Husnara Begum

Couldn’t agree more!!!!


4th seat May & Slaughter trainee/secretary

You’ve got the fee, and therefore your own best interest at heart.

Which is fine, I don’t particularly care about your wellbeing either, but don’t lie to me.


Another Legal Recruiter

Agree with almost everything in this article. I can’t count how many times I’ve wished that there was an equivalent to Legal 500 for recruiters to help prospective candidates work out who to approach (particularly junior associates and trainees who may not know many people who’ve moved previously).

From my perspective, no-names approaches at NQ level are a complete waste of time. Unless there’s something genuinely and unambiguously outstanding about your anonymous profile it will get ignored in favour of the actual CVs that get sent speculatively by everyone and their dog. If you want to qualify into a practice area that usually has a shortage of talent then it may be particularly worthwhile.

For example, if your anonymous profile would read “Magic Circle trained Cambridge graduate looking to qualify into corporate tax” then it’s worth sending. If it would read “Silver Circle trained Russell Group graduate looking for NQ litigation role” then I wouldn’t bother. If the latter, either focus on live vacancies or accept that you’ll need to take the plunge with speculative applications.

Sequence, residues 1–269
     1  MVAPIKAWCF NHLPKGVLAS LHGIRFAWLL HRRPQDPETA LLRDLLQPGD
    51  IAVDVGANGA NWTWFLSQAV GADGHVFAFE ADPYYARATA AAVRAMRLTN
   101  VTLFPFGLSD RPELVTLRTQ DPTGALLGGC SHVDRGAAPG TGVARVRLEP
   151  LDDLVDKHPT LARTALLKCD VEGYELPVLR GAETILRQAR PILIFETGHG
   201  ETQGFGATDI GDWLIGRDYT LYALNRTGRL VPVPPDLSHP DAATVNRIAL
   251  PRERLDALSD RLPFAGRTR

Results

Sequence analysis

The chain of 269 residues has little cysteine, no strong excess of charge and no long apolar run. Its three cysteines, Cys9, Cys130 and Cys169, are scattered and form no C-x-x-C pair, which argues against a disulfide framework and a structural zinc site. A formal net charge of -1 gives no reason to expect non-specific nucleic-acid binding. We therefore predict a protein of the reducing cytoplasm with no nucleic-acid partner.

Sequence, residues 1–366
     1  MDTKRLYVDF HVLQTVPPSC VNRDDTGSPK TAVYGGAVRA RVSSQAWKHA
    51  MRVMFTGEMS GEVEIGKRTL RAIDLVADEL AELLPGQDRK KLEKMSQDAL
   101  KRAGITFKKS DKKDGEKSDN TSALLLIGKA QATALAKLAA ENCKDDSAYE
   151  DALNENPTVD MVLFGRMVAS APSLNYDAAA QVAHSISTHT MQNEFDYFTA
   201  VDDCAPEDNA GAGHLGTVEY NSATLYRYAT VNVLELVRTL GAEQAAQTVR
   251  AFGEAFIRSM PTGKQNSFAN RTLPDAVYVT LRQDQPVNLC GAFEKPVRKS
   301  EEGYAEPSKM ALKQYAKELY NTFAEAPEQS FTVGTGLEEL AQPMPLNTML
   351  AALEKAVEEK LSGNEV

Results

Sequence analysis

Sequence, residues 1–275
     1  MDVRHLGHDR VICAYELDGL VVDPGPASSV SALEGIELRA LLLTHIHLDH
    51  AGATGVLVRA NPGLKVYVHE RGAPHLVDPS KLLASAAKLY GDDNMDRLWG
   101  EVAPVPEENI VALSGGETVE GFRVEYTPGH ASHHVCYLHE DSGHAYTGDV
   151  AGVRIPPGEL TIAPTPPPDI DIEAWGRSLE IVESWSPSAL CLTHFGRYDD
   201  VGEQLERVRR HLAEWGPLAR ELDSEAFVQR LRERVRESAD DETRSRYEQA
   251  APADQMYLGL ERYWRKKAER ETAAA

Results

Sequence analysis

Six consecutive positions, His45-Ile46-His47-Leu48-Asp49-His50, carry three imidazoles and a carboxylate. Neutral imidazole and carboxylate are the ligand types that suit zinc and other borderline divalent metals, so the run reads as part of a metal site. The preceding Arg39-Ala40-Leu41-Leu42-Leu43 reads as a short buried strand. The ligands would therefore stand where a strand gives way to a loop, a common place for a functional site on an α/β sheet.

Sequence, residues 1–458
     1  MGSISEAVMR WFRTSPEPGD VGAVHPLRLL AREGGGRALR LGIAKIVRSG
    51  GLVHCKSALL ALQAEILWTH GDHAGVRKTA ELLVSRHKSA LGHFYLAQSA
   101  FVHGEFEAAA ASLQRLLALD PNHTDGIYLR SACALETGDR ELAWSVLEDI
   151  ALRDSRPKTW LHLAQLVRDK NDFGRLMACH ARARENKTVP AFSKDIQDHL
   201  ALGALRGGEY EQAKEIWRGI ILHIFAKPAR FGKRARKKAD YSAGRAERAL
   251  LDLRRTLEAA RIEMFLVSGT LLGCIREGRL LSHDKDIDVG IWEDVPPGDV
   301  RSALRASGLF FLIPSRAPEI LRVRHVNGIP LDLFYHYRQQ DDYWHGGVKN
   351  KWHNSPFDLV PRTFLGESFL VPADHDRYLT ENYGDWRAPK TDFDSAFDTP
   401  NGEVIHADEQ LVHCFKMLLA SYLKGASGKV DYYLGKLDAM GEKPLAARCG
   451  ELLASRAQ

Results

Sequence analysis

A Legal recruiter

I agree with this for the most part. Typically anonymous speculative applications only work for NQs if they are either looking to qualify into an especially niche area of law (such as corporate tax) or if their academic profile is especially good; by this I mean whether they have a double-starred first from Oxbridge or whether they have multiple A stars/high IB points. Unfortunately areas such as commercial litigation, corporate, employment and the like are highly sought after so a lot of candidates often struggle to find an NQ position in these areas.